In the Western tradition today along with Friday and Saturday of this week are Ember Days following the Feast of the Holy Cross (Sept. 14). The Ember Days are the Wednesday, Friday and Saturday following the Feast of St. Lucia (Dec. 13), Ash Wednesday, Whitsunday and the Feast of the Holy Cross.
These days have roots in Roman agricultural tradition and were later adapted for use in the Church. There is record of their observance in the Church in Rome in the 5th century. From there the observance spread to England, Gaul, Germany, Spain and beyond. The Eastern Church does not observe these days.
In early tradition the ordination of priests and deacons took place at Easter. In the 5th century, Pope Gelasius permitted such ordinations to also take place on the Saturdays of Ember week.
The Catholic Encyclopedia states, "The purpose of their introduction, besides the general one intended by all prayer and fasting, was to thank God for the gifts of nature, to teach men to make use of them in moderation, and to assist the needy."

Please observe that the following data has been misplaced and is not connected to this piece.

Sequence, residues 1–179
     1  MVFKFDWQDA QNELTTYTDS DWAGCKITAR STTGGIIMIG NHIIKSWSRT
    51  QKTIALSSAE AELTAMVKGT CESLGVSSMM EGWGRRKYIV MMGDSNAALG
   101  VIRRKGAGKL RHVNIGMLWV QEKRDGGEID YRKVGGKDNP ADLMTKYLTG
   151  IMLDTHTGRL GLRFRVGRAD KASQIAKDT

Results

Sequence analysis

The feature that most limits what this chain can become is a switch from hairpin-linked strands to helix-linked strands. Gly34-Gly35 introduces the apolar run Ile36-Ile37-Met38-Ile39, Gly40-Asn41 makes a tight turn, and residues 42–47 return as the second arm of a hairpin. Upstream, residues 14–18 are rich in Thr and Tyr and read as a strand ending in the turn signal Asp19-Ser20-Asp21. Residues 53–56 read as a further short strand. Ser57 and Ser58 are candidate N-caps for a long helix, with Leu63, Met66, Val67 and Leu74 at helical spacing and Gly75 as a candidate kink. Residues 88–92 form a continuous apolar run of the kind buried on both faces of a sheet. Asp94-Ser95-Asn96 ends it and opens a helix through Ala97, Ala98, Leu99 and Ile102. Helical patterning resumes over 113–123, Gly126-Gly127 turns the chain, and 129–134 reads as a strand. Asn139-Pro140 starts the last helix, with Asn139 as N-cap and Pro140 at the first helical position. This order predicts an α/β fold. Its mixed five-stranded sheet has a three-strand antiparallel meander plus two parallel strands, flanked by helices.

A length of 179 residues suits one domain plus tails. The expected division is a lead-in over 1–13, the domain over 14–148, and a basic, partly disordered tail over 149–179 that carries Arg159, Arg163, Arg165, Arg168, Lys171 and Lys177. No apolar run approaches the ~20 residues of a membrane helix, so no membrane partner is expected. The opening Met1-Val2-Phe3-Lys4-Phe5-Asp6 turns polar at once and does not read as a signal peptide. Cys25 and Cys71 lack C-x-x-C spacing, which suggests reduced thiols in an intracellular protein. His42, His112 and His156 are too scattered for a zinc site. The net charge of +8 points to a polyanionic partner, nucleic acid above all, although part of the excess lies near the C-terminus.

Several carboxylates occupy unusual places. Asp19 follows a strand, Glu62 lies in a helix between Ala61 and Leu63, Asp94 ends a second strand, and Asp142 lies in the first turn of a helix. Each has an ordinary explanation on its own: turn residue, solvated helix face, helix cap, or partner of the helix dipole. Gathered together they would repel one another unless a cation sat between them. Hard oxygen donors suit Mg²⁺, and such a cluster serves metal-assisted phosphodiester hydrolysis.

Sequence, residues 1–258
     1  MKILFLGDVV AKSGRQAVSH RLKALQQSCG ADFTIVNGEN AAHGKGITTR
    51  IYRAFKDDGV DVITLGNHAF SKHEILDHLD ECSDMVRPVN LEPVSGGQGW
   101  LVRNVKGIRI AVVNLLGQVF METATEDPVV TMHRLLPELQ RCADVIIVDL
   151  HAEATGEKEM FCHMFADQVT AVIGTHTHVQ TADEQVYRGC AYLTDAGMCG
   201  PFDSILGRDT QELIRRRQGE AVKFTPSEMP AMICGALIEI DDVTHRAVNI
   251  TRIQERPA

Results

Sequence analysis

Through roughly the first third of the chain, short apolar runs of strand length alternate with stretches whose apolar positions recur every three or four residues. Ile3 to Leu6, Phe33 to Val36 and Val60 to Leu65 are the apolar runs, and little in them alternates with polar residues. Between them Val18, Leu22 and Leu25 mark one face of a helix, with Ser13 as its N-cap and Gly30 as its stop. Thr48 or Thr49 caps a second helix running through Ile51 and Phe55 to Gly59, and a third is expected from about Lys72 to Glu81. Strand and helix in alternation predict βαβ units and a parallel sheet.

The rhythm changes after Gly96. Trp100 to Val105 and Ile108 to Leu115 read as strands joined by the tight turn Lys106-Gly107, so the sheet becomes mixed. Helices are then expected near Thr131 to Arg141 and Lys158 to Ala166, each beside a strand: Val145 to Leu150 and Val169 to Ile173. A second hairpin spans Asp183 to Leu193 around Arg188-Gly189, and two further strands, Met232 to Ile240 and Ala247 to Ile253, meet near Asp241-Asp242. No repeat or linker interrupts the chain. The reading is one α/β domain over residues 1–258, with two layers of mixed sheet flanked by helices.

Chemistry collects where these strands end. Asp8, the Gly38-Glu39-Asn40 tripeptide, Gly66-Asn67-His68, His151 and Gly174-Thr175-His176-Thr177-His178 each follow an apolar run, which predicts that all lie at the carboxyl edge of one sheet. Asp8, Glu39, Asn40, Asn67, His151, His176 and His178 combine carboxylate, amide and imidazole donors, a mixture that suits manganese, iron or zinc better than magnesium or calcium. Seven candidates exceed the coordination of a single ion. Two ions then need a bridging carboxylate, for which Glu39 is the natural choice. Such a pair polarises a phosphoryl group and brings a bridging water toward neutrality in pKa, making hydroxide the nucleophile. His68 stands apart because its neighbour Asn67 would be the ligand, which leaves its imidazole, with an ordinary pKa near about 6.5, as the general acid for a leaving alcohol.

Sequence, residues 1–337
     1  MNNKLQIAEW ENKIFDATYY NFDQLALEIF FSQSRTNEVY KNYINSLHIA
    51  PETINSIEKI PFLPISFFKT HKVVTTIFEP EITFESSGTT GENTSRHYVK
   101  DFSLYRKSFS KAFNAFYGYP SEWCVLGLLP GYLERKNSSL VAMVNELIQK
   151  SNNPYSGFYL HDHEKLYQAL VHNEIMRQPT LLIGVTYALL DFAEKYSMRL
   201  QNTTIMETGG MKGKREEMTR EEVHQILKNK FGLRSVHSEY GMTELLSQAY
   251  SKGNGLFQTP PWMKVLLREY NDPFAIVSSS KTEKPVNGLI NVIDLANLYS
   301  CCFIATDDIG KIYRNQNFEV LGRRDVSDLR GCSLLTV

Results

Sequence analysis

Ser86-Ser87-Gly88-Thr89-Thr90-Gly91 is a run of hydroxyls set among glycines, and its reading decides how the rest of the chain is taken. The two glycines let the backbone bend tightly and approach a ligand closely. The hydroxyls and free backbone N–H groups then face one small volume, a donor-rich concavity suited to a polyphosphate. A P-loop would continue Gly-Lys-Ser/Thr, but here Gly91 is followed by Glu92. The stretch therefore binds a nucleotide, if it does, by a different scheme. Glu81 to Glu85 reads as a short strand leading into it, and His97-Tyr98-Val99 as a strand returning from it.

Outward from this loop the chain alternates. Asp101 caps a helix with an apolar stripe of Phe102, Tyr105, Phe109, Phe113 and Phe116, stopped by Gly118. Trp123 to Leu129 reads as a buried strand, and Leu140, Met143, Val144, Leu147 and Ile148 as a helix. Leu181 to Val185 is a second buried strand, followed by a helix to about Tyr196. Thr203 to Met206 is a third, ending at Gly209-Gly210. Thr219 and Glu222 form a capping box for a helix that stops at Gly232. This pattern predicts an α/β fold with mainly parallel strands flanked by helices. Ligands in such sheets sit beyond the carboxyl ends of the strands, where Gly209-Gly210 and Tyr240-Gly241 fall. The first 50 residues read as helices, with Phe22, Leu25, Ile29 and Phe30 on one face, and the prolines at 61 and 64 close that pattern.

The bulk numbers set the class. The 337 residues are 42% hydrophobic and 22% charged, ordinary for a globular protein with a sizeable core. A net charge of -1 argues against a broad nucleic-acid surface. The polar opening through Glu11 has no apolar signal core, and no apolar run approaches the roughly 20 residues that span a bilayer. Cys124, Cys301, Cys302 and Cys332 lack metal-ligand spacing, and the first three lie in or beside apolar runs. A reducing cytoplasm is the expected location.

Although I am not familiar with the nature of, or to what degree, the observances of Ember Days are practiced today, it is not hard to see that these observances are beneficial reminders of God's mercy in providing for the body. In the Lutheran tradition we repeat, "All this He does only out of fatherly, divine goodness and mercy, without any merit or worthiness in me. For all this it is my duty to thank and praise, serve and obey Him." (SC, Art. I)
And then there are God's abundantly merciful gifts confessed in the Second and Third Articles of the Apostles' Creed . . .